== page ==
Loudly and Quietly
Have you ever tried to communicate with someone discreetly, but they just won’t get the hint? Sometimes it happens when we’re out shopping. We see something we like, and we motion for our husband or wife to come over and look. However, they don’t hear us. We say their name in a loud whisper. Still no answer. Finally, exasperated, we call their name to grab their attention, though it likely means grabbing the attention of everyone around us too.
In like manner, the gospel of Matthew communicates to us both loudly and quietly. Matthew begins his gospel with a genealogy filled with names from the Old Testament. This is loud: the genealogy shows us that Jesus is descended from great Old Testament figures such as Abraham and David. Jesus is the promised Seed of Abraham and the great King from David’s line. In the subsequent narrative, Matthew tells us about Jesus’ birth and the beginning of His ministry. Throughout these chapters, Matthew quotes directly from numerous Old Testament prophets: Isaiah, Jeremiah, Micah, and Hosea. Again, this is loud: Jesus is the fulfillment of these Old Testament passages. The prophets anticipated and foretold the coming Redeemer.
However, there is more that Matthew is communicating to us quietly. He is, as it were, motioning to us without saying something directly. For example, though Matthew does directly quote from Isaiah, Jeremiah, Micah, and Hosea, that doesn’t mean that these are the only Old Testament passages that Jesus fulfills. In fact, Jesus says explicitly in chapter 5 that He has come not to abolish the Old Testament but to fulfill it. So, the passages that Matthew quotes in chapters 1–4 can be seen as gestures. Matthew is pointing us back to the Old Testament and saying: “See here? Jesus fulfills this, this, and this, but He also fulfills even more if you look more closely.” In fact, Jesus says that He has come to fulfill the Old Testament after He went up on a mountain (Matt. 5:1). Careful readers will remember another man who went up a mountain and came back to deliver the oracles of God—Moses. Here, again, Matthew is gesturing. Jesus is the great Prophet that Moses himself had promised long ago in Deuteronomy 18:15: “The LORD your God will raise up for you a prophet like me from among you, from your brothers.”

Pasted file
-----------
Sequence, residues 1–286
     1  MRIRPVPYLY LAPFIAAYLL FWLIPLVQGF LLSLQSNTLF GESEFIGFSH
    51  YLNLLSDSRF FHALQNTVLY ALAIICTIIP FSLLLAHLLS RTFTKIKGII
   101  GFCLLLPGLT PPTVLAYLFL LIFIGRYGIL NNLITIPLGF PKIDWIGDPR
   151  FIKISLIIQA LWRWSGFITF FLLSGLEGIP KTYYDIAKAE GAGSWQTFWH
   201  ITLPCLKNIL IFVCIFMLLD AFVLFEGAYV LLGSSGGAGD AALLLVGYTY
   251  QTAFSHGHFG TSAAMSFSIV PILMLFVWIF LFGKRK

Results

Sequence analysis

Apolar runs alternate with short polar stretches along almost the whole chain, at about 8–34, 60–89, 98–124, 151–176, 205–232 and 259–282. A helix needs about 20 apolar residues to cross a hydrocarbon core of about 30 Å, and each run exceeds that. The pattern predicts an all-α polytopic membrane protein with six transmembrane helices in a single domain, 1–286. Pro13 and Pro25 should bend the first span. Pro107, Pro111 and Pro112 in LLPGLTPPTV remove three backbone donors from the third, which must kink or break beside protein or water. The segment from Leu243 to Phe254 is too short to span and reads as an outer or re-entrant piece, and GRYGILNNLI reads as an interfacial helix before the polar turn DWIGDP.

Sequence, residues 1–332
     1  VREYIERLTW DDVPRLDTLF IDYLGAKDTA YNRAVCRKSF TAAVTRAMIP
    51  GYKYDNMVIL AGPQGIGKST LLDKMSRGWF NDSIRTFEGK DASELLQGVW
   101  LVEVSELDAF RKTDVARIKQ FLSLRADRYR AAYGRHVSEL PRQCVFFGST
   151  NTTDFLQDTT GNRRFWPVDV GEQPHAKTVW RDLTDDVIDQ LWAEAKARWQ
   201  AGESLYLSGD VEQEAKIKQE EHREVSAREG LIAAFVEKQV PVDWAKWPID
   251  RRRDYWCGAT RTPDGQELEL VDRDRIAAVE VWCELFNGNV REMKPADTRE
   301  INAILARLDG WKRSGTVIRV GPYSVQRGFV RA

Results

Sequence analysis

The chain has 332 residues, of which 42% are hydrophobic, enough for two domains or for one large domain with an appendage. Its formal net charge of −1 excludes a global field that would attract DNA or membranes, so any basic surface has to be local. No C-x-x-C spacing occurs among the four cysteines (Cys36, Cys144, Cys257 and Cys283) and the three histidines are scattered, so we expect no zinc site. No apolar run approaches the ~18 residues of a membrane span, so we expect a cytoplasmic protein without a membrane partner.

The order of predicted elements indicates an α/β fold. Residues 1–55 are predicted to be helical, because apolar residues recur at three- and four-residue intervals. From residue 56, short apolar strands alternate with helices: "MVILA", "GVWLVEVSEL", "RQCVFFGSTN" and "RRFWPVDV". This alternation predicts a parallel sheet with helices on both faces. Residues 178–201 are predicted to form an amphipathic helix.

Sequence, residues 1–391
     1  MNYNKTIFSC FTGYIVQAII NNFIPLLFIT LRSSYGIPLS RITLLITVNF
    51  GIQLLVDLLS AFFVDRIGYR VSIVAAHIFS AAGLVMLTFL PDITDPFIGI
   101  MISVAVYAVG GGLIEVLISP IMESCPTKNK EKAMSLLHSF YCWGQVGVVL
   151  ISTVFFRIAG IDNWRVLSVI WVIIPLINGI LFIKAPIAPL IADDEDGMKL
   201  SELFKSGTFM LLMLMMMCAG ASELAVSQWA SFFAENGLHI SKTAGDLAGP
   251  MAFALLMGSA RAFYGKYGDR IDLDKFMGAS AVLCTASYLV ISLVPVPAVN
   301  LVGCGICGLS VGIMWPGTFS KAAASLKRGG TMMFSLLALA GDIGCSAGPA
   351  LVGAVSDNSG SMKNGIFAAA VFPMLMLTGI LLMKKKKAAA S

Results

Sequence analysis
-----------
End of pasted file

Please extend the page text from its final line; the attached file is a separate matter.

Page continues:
Seeing these connections throughout the Old and New Testaments helps us understand the beauty and unity of the Scriptures. God really does have a plan. It is a plan that stretches down through the ages, and by His grace, it includes Christians such as you and me. His plan is redemption, and this redemption is accomplished by our triune God. The unity of the Scriptures highlights the person and work of Christ. So, we should read the Bible with eyes wide open, expecting the Savior. Before long, we will begin to see Jesus on every page. And if we are Christians, the more we know Jesus, the more deeply we will love and adore Him.